The primary purpose of any review, including this review of Wealthy Affiliate, is to help you decide if you should or should not sign up or purchase something. For starters, since you can sign up for a free account at Wealthy Affiliate, I think that is a no-brainer way to go. Don’t take my word or anyone else’s word for it, go see for yourself! There is no credit card required or anything like that. It’s completely free to try.
Wealthy Affiliate has existed since 2005, so they’ve been around for a long time. However, they have never once increased their price, even though every year they add new features. Wealthy Affiliate has never been as helpful or advanced as it is today, and the “help and be helped” community has never been bigger. If you’ve been putting off joining Wealthy Affiliate, now is the absolute best time to join the community.
You could easily do home organizing for people, an industry that has gained a lot of popularity since the debut of Netflix's hit series Tidying Up with Marie Kondo. If you're a tidy and organized person yourself, and you're good at organizing spaces, why not offer your services to people around you? You'd be surprised at how many people, even on your own social media feed, might take you up on doing something like this.
The problem with affiliate marketing, like many other home business options, are the so-called gurus and get-rich-quick programs that suggest affiliate marketing can be done fast and with little effort. Odds are you've read claims of affiliate marketing programs that say you can make hundreds of thousands of dollars a month doing almost nothing ("Three clicks to rich!"). Or, they suggest you can set up your affiliate site, and then forget it, except to check your bank deposits.
Since the emergence of affiliate marketing, there has been little control over affiliate activity. Unscrupulous affiliates have used spam, false advertising, forced clicks (to get tracking cookies set on users' computers), adware, and other methods to drive traffic to their sponsors. Although many affiliate programs have terms of service that contain rules against spam, this marketing method has historically proven to attract abuse from spammers.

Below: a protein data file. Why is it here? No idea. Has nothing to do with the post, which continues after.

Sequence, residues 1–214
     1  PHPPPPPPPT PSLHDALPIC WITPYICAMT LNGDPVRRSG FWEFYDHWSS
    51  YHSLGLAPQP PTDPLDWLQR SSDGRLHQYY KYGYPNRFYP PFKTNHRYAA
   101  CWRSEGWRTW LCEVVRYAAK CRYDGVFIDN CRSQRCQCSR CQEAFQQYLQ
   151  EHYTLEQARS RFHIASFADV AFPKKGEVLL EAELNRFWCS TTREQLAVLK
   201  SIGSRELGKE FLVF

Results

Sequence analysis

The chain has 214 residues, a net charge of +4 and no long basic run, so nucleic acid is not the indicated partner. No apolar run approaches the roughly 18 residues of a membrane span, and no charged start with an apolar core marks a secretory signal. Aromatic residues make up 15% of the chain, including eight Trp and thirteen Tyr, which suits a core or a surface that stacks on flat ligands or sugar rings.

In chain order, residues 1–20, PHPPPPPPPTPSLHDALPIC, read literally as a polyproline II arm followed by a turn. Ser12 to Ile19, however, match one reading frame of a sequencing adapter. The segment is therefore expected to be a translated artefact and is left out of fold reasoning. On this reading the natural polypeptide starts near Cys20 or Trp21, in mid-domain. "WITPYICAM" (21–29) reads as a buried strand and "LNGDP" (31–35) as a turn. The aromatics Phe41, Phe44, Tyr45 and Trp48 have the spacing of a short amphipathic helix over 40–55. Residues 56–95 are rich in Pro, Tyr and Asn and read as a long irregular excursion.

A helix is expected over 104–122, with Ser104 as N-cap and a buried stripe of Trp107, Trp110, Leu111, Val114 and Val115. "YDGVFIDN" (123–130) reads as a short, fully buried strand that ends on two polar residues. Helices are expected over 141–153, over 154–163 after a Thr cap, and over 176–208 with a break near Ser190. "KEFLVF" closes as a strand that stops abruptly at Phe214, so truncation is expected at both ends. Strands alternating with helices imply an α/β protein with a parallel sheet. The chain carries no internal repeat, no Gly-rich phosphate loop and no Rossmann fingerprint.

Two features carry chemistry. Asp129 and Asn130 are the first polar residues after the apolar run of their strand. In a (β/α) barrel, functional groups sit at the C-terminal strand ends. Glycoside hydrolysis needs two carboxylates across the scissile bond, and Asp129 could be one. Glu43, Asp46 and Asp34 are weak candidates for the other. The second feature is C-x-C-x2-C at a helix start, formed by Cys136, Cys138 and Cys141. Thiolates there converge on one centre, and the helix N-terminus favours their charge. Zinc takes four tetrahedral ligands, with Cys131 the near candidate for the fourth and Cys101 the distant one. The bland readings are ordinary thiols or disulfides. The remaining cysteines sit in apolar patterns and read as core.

26. Services – You can offer a paid service, such as life coaching, blog coaching, goal setting or financial planning. Just be sure to investigate all the legal implications and make sure you’re not claiming to be a professional if you’re not one. With a service like this, you’re basically using your blog to sell yourself. You’ll need to convince people that you’re worth buying and then be able to back up your claims once they purchase your service.
Recent corporate changes and folding 2Checkout into a larger company that is involved in payment processing and e-commerce means that the affiliate program can sometimes feel somewhat neglected. But the ability to generate custom coupon codes and the comprehensive knowledge base make 2Checkout a good option for experienced affiliates with an established user base. But if you’re just entering the affiliate field for the first time, 2Checkout might not be where you want to start.
Paint friends’ nails for a small fee if you have a steady hand. All you need are a few pretty polishes and a little creativity to start your own pop-up nail studio. Charge extra for fancy designs, glitter, or stick-on jewels. Offer a discount if they get a manicure and a pedicure. For example, if a manicure is $5 and a pedicure is $6, make a mani-pedi $10 for a $1 savings to encourage people to spend more.
28. Subscription – If you think of something valuable (newsletter, online magazine, etc.) that you can consistently offer on a certain basis (weekly, monthly, etc.), you may want to offer a subscription service. This could be a fee charged each time your product is sent out or on a monthly basis. Either way, this has to be something that your customers can only get by subscribing to your website.